Tuesday, June 07, 2011

Freakonomics: Why Does the South Still Commemorate the Civil War, But Not the North?

Freakonomics fearlessly explains everything. It's tempting to say that the South commemorates the War more than the North because the South is where the war was fought. But I suspect there's more to the story than that, particularly when you consider that many of those who are most eager to commemorate it are also eager to rewrite the history of the War.  
Those consequences are most apparent in the economic inversion that took place following the war. The parts of the South that were generally the richest in 1860 are today its poorest. These were the areas with the highest concentration of plantations: a swath of land stretching from coastal South Carolina down through Georgia, and west into Alabama, Mississippi, and Louisiana. Today, this region is home to some of the poorest counties in America, with high rates of unemployment, low-skilled labor, and other social ills like obesity and a lack of education.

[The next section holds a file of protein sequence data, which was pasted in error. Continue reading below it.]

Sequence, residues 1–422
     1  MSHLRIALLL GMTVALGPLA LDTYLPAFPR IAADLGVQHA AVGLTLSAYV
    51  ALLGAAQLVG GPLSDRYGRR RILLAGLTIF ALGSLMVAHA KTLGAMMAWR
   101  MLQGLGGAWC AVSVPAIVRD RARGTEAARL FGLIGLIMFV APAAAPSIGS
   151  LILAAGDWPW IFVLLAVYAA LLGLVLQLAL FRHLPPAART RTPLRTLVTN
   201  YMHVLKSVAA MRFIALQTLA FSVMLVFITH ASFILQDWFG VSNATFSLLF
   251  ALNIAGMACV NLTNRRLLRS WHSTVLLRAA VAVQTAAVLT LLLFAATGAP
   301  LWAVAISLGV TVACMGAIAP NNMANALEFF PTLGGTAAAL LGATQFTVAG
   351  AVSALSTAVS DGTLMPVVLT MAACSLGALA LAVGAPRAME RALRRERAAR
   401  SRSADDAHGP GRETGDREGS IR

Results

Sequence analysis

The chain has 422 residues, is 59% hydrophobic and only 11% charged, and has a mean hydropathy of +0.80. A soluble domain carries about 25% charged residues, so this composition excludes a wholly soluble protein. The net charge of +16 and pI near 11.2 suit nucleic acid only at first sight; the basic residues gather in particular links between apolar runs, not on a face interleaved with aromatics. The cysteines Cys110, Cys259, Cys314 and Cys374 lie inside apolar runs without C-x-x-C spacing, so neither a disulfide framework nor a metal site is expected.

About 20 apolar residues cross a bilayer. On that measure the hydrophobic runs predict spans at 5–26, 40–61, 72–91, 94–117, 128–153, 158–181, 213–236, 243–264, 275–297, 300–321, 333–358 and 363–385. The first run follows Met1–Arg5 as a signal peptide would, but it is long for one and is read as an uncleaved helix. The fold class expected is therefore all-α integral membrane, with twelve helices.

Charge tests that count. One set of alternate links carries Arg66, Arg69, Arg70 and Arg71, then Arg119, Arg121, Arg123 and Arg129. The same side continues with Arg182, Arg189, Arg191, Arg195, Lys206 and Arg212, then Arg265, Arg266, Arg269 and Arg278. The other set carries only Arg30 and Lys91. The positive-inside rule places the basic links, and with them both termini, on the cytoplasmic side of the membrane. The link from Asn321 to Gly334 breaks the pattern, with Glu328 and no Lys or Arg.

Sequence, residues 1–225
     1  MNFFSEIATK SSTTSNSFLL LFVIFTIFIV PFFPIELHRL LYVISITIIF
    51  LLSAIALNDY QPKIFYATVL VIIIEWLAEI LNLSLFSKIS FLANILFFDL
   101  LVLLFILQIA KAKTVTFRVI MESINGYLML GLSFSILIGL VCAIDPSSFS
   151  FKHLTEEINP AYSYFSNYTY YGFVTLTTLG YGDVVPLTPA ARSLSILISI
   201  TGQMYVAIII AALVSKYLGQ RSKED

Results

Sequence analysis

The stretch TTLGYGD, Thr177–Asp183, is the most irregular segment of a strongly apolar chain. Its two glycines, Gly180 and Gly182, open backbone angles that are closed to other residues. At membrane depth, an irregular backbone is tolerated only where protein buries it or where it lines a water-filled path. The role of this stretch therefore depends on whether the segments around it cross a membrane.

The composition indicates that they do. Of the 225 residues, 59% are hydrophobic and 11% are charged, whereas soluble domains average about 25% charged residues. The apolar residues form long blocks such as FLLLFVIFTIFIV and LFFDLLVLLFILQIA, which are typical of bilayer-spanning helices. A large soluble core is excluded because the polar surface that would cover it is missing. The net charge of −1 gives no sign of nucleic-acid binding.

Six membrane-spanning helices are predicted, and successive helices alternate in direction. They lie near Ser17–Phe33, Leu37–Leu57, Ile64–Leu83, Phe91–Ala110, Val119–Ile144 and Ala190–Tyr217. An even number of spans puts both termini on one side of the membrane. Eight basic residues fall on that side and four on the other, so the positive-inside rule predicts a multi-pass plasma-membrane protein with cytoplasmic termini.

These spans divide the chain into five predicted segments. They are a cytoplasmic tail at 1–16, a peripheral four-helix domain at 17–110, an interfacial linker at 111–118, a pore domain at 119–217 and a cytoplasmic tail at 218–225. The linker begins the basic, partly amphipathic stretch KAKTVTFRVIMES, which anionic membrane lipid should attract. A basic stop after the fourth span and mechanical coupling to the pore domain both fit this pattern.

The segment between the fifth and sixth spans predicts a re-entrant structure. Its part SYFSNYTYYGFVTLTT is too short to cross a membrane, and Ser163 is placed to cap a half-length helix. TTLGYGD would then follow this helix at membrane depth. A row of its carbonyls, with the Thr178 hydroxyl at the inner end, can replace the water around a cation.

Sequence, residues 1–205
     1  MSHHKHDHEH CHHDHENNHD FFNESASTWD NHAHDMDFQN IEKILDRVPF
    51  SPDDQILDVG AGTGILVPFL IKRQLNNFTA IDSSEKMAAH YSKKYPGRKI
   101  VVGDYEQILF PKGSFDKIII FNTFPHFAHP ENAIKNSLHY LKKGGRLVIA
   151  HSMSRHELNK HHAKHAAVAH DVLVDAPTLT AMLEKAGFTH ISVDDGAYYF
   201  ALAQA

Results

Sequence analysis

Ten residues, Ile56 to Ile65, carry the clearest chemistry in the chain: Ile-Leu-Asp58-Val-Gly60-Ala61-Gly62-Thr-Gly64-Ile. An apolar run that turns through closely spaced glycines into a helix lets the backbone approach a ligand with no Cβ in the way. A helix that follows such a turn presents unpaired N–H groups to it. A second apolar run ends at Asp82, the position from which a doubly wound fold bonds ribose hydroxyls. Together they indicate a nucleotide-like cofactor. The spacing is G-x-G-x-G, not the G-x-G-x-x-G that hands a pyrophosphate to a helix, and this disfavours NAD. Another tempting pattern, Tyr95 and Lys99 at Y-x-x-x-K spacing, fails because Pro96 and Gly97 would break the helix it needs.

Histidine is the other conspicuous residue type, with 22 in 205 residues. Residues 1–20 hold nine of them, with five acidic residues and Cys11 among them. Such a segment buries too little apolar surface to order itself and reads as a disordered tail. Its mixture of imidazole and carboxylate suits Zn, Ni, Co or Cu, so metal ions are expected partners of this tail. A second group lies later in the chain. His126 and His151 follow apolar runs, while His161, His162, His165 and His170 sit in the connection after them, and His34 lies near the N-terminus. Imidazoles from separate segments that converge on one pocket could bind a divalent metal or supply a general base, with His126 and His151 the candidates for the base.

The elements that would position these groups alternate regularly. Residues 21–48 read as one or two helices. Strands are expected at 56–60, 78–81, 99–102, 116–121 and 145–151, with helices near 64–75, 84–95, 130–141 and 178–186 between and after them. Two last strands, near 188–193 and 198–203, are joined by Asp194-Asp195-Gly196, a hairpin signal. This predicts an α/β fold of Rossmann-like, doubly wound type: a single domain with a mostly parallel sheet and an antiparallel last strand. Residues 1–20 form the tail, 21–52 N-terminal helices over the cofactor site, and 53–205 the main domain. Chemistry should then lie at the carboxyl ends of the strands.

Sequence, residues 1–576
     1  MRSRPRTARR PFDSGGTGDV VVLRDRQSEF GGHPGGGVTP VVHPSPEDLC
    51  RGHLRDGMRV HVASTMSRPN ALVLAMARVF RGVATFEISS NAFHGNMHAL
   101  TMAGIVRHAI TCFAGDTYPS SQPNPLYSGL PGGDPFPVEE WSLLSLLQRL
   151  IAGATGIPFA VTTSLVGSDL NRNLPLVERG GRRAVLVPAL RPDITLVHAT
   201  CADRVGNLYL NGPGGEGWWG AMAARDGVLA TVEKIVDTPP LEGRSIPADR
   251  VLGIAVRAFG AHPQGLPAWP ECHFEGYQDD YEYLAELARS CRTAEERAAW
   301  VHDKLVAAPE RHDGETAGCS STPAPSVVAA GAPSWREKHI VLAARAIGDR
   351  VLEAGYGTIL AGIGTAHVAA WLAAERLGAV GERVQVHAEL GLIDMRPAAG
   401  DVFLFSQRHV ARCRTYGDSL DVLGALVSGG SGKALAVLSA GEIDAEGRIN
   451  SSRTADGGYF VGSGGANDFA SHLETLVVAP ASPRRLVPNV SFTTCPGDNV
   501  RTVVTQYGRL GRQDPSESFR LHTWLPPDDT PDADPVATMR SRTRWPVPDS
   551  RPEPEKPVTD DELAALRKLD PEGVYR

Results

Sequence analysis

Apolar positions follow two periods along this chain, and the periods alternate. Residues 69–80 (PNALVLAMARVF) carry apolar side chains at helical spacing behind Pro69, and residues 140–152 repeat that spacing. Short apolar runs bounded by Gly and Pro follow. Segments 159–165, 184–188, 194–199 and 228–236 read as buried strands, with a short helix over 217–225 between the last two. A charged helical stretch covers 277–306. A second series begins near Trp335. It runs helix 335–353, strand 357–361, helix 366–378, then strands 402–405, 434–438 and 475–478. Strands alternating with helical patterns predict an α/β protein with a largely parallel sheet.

From the June 7 blog posting at "Freakonomics: the Hidden Side of Everything."

No comments: